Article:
This month, we build an affordable AMD-based gaming rig to find out just how good (or bad) a CPU/GPU combo can be
The Mission We've put together some spendy systems recently. Hey, there’s a reason this mag is called Maximum PC. However, it’s caused a few readers to wonder if we drive gold-plated Humvees to work. As if! We have chauffeurs for that kind of thing. The fact is, we like the challenge of building to a rig’s optimum potential, at any price. So this month, we turn the tables and go full-on budget build.
Note: This article was originally featured in the October 2013 issue of the magazine.
What time is it? It's time to build a PC with our Blueprints! This month, we've built three rigs at three approximate price points: Baseline, Performance, and Ultra. Baseline gets you a powerful that is suitable for gaming and content creation at 1080p, Performance beefs everything up across the board, and Ultra is the kind of rig you build when price is no object.
These rigs are lab-tested and editor-approved. Feedback is, of course, welcome. Tell us what you think!
When it comes to your data, there are times when a USB key doesn't have the capacity or speed you need, and you can't afford to have a delicate hard drive smashing on the floor. Enter ruggedized USB 3.0 hard drives, which address all of our needs by combining speed and reliability into a supremely portable package. We put three such drives to the test, and found out which one has the speed you crave and the durability you require.
Note: This article was taken from the October 2013 issue of the magazine.
Gordon Mah Ung goes hands on with Valve's new Steam Controller
PC Gamers, gods bless ‘em, are truly the most cynical sons of bitches on the planet. I say this because when I saw Valve’s attempt to build a controller for its upcoming Steam Machines, I, like all other PC gamers, just snickered and ran as quickly as I could to a web-based memegenerator so I could create and post something derisive and snarky under one of the five pseudonyms I use to troll the Internet with. Alas, I was already beaten as those cynical PC gamers had already beaten me to it.
It's that time of year again where we get to pretend we're sharing with you gift ideas to show that special geek in your life just how much you care, but in reality, we all look at these guides and think to ourselves, "That's flippin' cool, I'm gonna buy that for myself!" Hey, there's no shame in that. There's some seriously cool swag for geeks out there, and if you're primarily interested in shopping for yourself, so be it -- go treat yourself to whatever floats your fancy on this list and re-gift Aunt Mabel's fruitcake to whoever it was you were shopping for in the first place.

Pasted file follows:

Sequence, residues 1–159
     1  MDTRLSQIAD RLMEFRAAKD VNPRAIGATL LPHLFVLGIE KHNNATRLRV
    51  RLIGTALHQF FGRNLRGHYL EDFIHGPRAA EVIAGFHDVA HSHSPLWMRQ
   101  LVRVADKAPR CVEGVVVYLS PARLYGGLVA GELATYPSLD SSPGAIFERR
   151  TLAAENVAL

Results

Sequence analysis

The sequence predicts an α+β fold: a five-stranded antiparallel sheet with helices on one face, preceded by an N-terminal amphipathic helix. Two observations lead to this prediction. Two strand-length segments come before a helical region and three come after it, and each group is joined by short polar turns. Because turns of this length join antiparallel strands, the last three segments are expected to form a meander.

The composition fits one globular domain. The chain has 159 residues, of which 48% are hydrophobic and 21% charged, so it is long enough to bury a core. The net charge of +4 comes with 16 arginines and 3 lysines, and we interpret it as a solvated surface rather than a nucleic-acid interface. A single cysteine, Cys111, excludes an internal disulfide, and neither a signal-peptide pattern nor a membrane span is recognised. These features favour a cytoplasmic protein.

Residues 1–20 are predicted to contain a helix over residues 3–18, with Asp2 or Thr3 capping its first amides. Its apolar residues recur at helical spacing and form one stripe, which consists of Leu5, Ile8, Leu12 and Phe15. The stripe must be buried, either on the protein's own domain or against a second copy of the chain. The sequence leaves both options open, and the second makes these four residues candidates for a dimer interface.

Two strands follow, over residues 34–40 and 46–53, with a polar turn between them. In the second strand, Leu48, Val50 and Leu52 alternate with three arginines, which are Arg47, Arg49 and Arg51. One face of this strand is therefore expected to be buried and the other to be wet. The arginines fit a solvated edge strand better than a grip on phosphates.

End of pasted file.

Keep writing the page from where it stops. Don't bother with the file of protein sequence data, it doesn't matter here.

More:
This is our catch-all category for items that don't fit tidily into any other space. You know, standard fare stuff like canned unicorn meat and The Walking Dead Monopoly. Think both of those are awesome? We do too, but wait until you see what else is included here. These are surefire winners for any geek.
Rockstar Games sure is taking its sweet little time porting Grand Theft Auto V over to the PC, but if history has taught us anything at all, it's that eventually GTA V will find its way home. In the meantime, there are plenty of other games worth gifting. If you're feeling particularly cheap, send your recipient the URL to download Dota 2 (it's free!). Otherwise, you can't go wrong with any games on this list.
Building a PC is the first (big) step towards becoming a true geek. What comes next? Rounding up essential gadgets, of course! You can think of gadgets as tools, and just as every carpenter should always have access to a razor sharp saw and sturdy hammer, a geek needs to surround himself with tools of a different kind, like capable earbuds and a reliable router.
Not everyone can afford to build their very own Dream Machine, so we also created a scaled-down version that’s half the size
A while back, we made the decision to use Corsair's towering 900D case for this year's Dream Machine, and we knew we wanted to complement it with a Build It article. When the 900D’s little bro, the Corsair 350D, arrived in our offices a few weeks later, a plan started to form. About the same time as the case arrived, we also received Nvidia's GeForce GTX 700-series cards. With those, plus a Haswell CPU already in the Lab, the plan became fully realized: We’d just make a smaller version of the Dream Machine. The 350D wouldn’t take a full-size motherboard, but we could still pack it with full-size badassery like dual Nvidia GTX 780 cards, an unlocked Intel Core i7 CPU, a primo mATX motherboard (they do exist), a jumbo radiator, and other tasty accoutrements. Our goal was to build a rig that can game to the hilt just like the Dream Machine—only scaled back so it’s easier to assemble and a lot easier on your credit line.
Note: This article was originally featured in the September 2013 issue of the magazine
The strengths of computer gaming are found at the extremes. It does two things very well: It enables hardcore users to get the best possible performance out of high-end games, and it allows small developers to deliver individualistic and quirky projects direct to users.